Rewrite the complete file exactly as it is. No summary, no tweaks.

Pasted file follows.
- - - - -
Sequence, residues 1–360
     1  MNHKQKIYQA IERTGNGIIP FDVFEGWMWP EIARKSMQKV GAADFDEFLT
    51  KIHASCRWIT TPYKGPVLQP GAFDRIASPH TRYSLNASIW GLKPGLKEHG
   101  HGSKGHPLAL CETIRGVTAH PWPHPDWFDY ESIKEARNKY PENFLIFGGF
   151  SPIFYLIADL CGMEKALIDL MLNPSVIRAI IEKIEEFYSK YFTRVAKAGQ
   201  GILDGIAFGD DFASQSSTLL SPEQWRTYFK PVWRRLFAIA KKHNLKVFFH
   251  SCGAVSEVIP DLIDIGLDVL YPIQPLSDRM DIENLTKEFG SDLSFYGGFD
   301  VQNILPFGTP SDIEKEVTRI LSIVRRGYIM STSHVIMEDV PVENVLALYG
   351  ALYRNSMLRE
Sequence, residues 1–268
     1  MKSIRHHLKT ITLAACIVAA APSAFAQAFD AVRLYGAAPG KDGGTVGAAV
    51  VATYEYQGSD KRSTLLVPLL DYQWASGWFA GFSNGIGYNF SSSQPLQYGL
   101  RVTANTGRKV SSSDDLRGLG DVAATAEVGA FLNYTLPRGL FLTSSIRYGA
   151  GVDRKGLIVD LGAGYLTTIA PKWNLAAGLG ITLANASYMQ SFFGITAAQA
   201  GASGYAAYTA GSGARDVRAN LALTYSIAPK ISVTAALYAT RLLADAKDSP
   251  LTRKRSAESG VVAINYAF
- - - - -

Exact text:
Sequence, residues 1–360
     1  MNHKQKIYQA IERTGNGIIP FDVFEGWMWP EIARKSMQKV GAADFDEFLT
    51  KIHASCRWIT TPYKGPVLQP GAFDRIASPH TRYSLNASIW GLKPGLKEHG
   101  HGSKGHPLAL CETIRGVTAH PWPHPDWFDY ESIKEARNKY PENFLIFGGF
   151  SPIFYLIADL CGMEKALIDL MLNPSVIRAI IEKIEEFYSK YFTRVAKAGQ
   201  GILDGIAFGD DFASQSSTLL SPEQWRTYFK PVWRRLFAIA KKHNLKVFFH
   251  SCGAVSEVIP DLIDIGLDVL YPIQPLSDRM DIENLTKEFG SDLSFYGGFD
   301  VQNILPFGTP SDIEKEVTRI LSIVRRGYIM STSHVIMEDV PVENVLALYG
   351  ALYRNSMLRE
Sequence, residues 1–268
     1  MKSIRHHLKT ITLAACIVAA APSAFAQAFD AVRLYGAAPG KDGGTVGAAV
    51  VATYEYQGSD KRSTLLVPLL DYQWASGWFA GFSNGIGYNF SSSQPLQYGL
   101  RVTANTGRKV SSSDDLRGLG DVAATAEVGA FLNYTLPRGL FLTSSIRYGA
   151  GVDRKGLIVD LGAGYLTTIA PKWNLAAGLG ITLANASYMQ SFFGITAAQA
   201  GASGYAAYTA GSGARDVRAN LALTYSIAPK ISVTAALYAT RLLADAKDSP
   251  LTRKRSAESG VVAINYAF